12. Sennheiser AVX Digital Wireless Microphone System – MKE2 Lavalier Pro Set

Sennheiser AVX Digital Wireless Microphone System - MKE2 Lavalier Pro Set
Even for a wireless microphone, this setup is extremely compact. This is true for both the receiver and the microphone adapter.

The adapter can connect with the Lav mic, which clips onto clothing. It also can plug into the XLR base of a stage microphone. This makes it easily adaptable to any stage situation you might find yourself in.

Additionally, the receiver plugs right into the XLR connection on a video camera or stand-alone recorder.

This does mean you’ll need an XLR connection on your camera for this equipment to work.

If you’re interested in a truly high-end, professional audio recorder, this is a top of the line wireless option that beats just about anything else out there.

It’s easy to set up and easy to use.

Of course, it comes with a high price tag. If you want a top of the line option, this is the way to go, but if you don’t have the available money, there are other microphones out there.

Some of the benefits of this video camera microphone include:

  • Receiver plugs directly into XLR port
  • Works with wireless lav and wireless stage microphone
  • Plug and play design
  • Metal housing construction
  • Comes with lav mic (stage microphone is purchased separately)

13. Sennheiser MKH416-P48U3

Senheiser MKH416 P48U3
When you’re really serious about buying a high-end microphone, you’ll be hard pressed to find something better than the Sennheiser MKH416-P48U3.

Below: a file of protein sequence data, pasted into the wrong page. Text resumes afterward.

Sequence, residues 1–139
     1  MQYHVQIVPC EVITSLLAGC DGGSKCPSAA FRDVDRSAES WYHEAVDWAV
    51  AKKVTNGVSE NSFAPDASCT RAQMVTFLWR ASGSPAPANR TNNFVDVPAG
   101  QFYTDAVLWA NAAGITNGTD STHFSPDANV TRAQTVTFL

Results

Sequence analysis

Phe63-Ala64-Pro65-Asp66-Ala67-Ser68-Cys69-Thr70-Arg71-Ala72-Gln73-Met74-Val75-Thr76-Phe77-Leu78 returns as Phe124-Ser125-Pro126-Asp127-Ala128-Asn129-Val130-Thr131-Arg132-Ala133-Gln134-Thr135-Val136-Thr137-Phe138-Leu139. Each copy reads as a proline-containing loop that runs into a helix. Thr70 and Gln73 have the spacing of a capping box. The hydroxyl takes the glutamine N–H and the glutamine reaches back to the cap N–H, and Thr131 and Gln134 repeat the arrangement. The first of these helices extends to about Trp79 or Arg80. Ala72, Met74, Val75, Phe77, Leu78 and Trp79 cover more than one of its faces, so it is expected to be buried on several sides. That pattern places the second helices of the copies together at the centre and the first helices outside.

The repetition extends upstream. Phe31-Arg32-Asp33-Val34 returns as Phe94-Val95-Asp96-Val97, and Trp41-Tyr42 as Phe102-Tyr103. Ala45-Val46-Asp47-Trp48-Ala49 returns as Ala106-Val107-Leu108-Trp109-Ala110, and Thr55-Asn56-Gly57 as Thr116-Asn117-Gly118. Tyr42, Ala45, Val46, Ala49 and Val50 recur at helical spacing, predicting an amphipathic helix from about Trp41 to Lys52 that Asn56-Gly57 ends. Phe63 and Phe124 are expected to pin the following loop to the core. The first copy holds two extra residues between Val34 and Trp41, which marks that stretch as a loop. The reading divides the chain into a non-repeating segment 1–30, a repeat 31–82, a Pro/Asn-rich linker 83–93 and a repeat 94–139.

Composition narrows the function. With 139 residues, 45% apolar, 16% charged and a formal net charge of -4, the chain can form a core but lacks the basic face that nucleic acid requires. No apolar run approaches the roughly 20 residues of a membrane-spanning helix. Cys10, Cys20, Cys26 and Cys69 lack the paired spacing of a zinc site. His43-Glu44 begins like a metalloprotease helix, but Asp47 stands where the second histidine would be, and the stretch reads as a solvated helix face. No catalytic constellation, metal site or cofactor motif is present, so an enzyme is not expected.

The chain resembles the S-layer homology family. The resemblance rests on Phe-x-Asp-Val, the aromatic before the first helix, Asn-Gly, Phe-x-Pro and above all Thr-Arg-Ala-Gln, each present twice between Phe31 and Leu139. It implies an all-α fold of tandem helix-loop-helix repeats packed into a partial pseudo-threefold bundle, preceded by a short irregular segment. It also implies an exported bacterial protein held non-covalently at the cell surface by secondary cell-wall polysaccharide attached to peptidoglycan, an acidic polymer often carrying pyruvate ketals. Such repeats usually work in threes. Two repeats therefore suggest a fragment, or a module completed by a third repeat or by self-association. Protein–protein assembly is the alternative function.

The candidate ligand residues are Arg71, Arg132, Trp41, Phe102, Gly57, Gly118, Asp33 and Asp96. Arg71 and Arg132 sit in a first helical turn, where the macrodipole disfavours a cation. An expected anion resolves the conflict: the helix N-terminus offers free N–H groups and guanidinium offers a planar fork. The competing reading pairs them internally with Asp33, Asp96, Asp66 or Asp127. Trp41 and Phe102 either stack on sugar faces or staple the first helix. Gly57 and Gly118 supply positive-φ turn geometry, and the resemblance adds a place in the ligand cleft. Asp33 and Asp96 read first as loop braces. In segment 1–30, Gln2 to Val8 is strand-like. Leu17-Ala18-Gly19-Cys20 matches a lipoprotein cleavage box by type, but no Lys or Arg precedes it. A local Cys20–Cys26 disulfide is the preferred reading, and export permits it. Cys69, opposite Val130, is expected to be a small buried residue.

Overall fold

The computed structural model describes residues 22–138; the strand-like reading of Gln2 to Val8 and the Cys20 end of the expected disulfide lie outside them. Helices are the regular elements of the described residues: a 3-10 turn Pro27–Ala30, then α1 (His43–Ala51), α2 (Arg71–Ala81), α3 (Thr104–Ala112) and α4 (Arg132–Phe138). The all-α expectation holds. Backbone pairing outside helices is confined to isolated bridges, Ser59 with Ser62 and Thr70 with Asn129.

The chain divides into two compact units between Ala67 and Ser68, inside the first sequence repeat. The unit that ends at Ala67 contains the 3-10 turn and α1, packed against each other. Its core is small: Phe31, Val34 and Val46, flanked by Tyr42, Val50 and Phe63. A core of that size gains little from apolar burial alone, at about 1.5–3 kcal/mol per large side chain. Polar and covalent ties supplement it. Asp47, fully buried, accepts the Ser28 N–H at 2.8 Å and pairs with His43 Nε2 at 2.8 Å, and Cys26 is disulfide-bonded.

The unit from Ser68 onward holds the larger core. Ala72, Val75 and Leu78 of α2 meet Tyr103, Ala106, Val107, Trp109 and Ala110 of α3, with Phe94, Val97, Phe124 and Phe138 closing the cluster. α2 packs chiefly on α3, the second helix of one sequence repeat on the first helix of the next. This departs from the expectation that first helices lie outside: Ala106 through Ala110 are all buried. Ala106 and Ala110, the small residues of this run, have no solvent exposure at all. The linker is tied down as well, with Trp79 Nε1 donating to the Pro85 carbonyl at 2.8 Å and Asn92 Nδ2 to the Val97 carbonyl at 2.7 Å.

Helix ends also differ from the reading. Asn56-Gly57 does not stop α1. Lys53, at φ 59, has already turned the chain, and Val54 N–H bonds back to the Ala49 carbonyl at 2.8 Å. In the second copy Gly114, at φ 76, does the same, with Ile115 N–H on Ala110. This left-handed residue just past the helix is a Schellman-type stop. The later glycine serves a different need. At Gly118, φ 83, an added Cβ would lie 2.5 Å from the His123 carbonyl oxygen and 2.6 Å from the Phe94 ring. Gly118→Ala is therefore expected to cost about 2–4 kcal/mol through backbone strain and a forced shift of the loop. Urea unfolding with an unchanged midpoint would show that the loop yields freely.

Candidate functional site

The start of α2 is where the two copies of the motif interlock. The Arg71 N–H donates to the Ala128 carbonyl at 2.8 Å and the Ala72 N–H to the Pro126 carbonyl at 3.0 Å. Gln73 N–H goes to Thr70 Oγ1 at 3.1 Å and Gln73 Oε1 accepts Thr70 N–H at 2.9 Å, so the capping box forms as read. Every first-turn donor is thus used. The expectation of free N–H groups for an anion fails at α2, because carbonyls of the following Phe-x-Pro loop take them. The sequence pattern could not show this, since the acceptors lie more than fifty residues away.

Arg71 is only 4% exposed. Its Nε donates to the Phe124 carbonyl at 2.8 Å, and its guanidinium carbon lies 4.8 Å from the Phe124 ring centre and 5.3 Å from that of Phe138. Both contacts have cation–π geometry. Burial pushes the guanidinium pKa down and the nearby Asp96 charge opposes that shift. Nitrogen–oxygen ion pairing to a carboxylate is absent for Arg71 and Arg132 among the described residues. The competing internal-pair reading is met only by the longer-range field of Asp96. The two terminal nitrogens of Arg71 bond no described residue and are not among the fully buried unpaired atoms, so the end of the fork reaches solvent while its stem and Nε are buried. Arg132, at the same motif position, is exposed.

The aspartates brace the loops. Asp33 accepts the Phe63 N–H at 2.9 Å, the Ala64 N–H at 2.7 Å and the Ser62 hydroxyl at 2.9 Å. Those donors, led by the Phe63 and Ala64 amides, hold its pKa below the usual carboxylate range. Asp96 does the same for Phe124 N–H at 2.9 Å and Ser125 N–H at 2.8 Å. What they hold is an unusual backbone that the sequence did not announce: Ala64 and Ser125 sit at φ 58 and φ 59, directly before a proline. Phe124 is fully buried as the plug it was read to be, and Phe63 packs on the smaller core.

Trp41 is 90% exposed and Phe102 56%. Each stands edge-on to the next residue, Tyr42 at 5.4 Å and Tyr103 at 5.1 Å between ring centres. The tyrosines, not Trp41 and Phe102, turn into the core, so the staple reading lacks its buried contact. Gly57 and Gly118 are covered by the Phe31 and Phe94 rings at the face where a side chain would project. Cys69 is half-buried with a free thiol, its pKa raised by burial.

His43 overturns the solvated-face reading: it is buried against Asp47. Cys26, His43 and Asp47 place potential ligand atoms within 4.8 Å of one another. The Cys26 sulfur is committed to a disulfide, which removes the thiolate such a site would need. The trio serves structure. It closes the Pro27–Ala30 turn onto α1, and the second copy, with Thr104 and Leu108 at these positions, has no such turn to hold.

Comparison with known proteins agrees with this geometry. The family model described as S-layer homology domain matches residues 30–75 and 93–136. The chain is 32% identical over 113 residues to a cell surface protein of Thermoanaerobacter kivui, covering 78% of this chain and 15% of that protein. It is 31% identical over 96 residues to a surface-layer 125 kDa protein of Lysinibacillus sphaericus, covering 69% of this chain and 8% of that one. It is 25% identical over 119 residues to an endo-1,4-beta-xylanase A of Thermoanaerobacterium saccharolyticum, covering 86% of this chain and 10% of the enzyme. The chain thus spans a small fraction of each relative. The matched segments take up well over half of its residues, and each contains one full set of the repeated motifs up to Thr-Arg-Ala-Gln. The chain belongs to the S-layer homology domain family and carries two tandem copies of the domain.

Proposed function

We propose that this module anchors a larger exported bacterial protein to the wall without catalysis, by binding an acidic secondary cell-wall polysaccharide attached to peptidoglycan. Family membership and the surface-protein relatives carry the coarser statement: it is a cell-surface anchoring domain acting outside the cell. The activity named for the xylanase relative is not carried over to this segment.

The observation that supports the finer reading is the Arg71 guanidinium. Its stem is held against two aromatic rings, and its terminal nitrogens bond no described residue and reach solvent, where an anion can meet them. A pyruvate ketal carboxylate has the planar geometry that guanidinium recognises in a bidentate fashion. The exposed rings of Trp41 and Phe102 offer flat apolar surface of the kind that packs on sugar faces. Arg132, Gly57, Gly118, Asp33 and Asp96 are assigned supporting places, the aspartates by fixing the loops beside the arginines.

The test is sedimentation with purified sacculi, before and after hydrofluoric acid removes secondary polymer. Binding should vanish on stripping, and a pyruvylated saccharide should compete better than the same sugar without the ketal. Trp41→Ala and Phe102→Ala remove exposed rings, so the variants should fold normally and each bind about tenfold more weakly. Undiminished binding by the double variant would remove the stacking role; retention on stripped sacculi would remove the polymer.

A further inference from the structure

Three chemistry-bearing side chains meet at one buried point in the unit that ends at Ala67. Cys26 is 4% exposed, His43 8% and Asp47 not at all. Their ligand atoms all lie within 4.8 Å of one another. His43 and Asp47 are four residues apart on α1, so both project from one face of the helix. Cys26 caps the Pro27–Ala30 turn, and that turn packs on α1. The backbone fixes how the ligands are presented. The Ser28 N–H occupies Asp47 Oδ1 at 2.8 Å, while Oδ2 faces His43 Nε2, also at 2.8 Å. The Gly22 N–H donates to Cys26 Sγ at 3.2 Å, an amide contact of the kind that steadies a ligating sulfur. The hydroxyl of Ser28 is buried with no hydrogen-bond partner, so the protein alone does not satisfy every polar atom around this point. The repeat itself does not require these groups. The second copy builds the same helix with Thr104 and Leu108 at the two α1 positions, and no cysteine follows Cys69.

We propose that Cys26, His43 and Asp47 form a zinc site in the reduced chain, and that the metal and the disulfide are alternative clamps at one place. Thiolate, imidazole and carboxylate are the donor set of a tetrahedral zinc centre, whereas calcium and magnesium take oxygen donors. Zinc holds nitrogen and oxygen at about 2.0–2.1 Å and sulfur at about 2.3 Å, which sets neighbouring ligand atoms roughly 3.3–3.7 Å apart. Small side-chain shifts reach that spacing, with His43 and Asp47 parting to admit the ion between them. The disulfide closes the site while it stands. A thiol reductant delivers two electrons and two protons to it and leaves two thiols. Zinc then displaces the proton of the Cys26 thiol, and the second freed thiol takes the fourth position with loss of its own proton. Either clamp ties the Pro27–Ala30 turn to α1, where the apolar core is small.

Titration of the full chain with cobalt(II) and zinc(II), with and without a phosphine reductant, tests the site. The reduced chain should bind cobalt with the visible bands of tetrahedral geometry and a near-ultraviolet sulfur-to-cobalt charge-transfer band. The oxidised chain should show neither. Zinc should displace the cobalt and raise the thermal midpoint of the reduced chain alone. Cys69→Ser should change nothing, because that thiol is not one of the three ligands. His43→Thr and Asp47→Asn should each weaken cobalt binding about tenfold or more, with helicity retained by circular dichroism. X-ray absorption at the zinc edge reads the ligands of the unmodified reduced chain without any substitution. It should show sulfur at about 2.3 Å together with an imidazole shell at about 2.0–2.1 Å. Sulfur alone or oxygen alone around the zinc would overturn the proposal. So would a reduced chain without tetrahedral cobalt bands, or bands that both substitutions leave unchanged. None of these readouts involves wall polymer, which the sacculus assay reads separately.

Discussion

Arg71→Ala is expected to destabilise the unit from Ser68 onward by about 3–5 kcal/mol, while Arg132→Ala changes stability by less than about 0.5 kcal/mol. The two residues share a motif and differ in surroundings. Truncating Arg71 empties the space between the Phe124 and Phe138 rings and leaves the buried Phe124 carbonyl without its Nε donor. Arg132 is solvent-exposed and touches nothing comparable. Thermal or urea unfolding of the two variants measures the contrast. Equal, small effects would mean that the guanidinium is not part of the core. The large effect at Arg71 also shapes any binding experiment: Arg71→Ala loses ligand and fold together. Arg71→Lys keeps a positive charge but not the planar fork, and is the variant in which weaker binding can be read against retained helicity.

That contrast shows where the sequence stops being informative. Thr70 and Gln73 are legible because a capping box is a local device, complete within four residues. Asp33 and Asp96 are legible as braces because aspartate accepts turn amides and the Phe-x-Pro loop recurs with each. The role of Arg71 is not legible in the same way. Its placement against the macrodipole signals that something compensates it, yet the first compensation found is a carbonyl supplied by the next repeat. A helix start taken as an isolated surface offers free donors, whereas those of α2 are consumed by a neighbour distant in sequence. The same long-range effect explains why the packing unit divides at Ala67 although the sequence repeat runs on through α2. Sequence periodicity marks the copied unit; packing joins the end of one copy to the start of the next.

Now, you will end up spending well over $1,000 for the microphone when it’s all said and done. You will need to pick up an XLR cable and mount.

The microphone is designed for both interior and exterior environments. However, when it comes to this kind of a microphone you will really need to connect it to an external audio recorder as it only draws from Phantom Power.

Outside of professional grade camera setups, your regular DSLR will more than likely not support this kind of power requirement.

The microphone is also built to handle a range of outdoor weather conditions.
You’ll need to protect the connection points, but whether you’re in a high wind or stormy location, this is the kind of equipment you’ll need.

Some of the benefits of this video camera microphone include:

  • Top of the line build material
  • Suitable for any recording condition
  • Windshield included


Most of these microphones are great. This was also one of the more difficult Editor’s Picks to select, simply because the microphones vary wildly.

It really does depend on what kind of audio setup you’re interested in, whether you want a directional, shotgun, stereo, mono and what kind of cash you want to put into it.

We went with the Tascam TM-2X Stereo X-Y Microphone as the Editor’s Pick, but you can’t really go wrong with any of these options.

What kind of microphone did you go with? What do you look for in a new video camera mic? Let us know!

Photo Credit: Unsplash

Salman Aslam
Salman Aslam is the Managing Director at Omnicore, a leading Healthcare Digital Advertising & Marketing Agency helping clients across the globe. You can follow him on Twitter for tweets and rants about the latest news, tips, and advice on digital marketing.